Worried Germany seeks study on French economy

Nov 09 2012, 21:35 IST
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SummaryGerman Finance Minister Wolfgang Schaeuble has asked a panel of advisers to look into reform proposals for France, concerned that weakness in the euro zone's second largest economy could come back to haunt Germany and the broader currency bloc.

German Finance Minister Wolfgang Schaeuble has asked a panel of advisers to look into reform proposals for France, concerned that weakness in the euro zone's second largest economy could come back to haunt Germany and the broader currency bloc.

Two officials, speaking on condition of anonymity, told Reuters this week that Schaeuble asked the council of economic advisers to the German government, known as the wise men, to consider drafting a report on what France should do.

Schaeuble's request denotes growing concern in Berlin and among private economists over the health of the euro zone's second largest economy, which is set to miss a European Union goal for reducing its public deficit next year.

Concerns are growing given the lack of action of the French government in labour market reforms, Lars Feld, an economist who sits on the panel, told Reuters.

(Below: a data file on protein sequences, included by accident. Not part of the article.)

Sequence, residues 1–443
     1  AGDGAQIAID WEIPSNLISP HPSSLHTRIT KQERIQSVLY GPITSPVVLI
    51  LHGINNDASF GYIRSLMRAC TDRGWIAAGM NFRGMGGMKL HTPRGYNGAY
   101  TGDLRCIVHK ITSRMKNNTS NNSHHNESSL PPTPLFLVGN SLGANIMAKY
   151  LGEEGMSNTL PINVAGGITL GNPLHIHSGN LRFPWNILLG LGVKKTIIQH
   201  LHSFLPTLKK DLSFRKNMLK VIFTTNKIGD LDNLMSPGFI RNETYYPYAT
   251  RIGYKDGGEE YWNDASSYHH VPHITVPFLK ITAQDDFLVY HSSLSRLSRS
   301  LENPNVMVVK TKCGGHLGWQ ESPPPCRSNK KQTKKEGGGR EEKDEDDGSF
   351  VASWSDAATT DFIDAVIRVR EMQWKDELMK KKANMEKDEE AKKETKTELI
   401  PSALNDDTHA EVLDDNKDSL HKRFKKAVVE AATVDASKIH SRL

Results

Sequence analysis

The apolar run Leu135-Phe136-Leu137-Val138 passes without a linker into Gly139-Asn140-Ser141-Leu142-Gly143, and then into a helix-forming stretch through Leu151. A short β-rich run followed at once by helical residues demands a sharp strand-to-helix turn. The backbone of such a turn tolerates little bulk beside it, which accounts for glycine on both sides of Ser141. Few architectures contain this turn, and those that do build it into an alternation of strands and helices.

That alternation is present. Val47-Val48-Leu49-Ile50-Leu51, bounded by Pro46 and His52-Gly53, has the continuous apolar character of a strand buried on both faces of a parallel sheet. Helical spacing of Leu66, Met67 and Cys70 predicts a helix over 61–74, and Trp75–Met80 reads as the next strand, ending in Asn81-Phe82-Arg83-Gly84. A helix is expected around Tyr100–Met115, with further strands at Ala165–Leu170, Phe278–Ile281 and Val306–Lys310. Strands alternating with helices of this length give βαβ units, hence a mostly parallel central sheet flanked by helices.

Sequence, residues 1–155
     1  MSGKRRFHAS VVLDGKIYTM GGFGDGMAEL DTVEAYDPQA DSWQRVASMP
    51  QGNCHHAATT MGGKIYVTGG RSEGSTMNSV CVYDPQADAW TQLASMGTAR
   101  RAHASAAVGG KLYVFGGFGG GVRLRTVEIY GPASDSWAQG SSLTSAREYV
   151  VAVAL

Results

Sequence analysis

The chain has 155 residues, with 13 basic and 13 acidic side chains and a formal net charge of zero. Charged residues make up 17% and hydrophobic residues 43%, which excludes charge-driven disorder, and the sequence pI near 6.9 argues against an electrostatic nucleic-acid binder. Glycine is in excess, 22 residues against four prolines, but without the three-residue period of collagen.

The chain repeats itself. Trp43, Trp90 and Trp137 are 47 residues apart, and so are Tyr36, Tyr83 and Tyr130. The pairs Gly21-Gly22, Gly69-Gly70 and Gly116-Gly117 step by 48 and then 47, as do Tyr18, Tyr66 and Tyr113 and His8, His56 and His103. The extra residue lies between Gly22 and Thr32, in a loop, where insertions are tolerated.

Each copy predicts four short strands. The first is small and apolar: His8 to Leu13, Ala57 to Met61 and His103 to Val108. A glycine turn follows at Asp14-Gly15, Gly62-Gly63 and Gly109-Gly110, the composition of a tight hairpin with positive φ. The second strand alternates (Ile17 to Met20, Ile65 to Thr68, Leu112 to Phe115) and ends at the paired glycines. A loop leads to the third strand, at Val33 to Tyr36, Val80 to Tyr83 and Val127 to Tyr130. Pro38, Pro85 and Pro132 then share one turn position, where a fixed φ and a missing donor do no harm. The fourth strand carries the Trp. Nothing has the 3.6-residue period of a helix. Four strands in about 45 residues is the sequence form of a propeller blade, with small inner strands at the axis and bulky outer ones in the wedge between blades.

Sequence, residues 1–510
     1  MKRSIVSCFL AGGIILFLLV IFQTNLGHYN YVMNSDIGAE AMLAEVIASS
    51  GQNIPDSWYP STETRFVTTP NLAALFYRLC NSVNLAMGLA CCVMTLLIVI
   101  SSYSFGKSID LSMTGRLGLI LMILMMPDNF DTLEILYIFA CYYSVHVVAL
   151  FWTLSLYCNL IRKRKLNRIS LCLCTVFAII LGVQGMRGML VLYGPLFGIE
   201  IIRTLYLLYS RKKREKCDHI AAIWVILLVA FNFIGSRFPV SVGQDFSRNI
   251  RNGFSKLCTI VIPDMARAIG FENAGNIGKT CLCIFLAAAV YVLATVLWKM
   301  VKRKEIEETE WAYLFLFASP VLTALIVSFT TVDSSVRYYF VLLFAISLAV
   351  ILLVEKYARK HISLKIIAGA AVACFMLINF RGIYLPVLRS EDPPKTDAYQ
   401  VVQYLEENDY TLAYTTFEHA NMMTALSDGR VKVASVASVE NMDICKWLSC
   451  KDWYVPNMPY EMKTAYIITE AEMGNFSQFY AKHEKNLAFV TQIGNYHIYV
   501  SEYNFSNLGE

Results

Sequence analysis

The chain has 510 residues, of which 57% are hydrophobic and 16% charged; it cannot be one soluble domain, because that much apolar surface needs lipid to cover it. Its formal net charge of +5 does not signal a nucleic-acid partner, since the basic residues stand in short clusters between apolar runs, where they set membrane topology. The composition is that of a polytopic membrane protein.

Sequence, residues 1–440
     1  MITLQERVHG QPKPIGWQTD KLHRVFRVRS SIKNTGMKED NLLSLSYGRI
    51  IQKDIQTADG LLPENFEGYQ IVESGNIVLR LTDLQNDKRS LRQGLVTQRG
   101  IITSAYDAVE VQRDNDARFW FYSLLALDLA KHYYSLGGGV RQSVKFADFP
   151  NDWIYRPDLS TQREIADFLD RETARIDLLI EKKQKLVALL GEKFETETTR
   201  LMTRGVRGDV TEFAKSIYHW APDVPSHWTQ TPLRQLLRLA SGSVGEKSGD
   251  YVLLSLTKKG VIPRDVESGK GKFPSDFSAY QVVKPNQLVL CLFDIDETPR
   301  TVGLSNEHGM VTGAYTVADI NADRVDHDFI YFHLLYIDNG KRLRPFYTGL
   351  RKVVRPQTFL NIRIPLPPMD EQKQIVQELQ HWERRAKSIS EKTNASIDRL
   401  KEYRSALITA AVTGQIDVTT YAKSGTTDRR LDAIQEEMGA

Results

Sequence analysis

Although Schaeuble raised the prospect of a report on France with members of the council this week, Feld and the finance ministry made clear that the government had not submitted a formal request. The ministry declined comment on unofficial discussions of the minister's affairs in general.

The panel of advisers publishes an annual report on the state of the German economy, which it handed over to Chancellor Angela Merkel on Wednesday. It can also draft special reports when it sees economic imbalances developing or at the formal request of the government.

Since being founded 49 years ago, the panel has published no studies on individual countries but Germany, according to its website. Its last expert opinion, the first since 1997, was published in July, following the European Union summit in June.

Pressure

French President Francois Hollande, in office for roughly half a year, is under intense pressure to reform an economy that is losing competitiveness relative to its larger neighbour Germany and southern European countries that have enacted far-reaching measures in the euro crisis.

This week, in response to calls by industrialist Louis Gallois for cuts in labour charges to reverse decades of industrial decline, the government announced it would grant 20 billion euros in annual tax credits to companies as a way of lowering labour costs.

Economists said Hollande was sending the correct signal but that it may not be enough. Unlike European peers Italy and Spain, France's borrowing costs have remained low, but investors worry its rock-bottom bond yields do not reflect the fragility of the economy.

A Bank of France survey published on Friday predicted French gross

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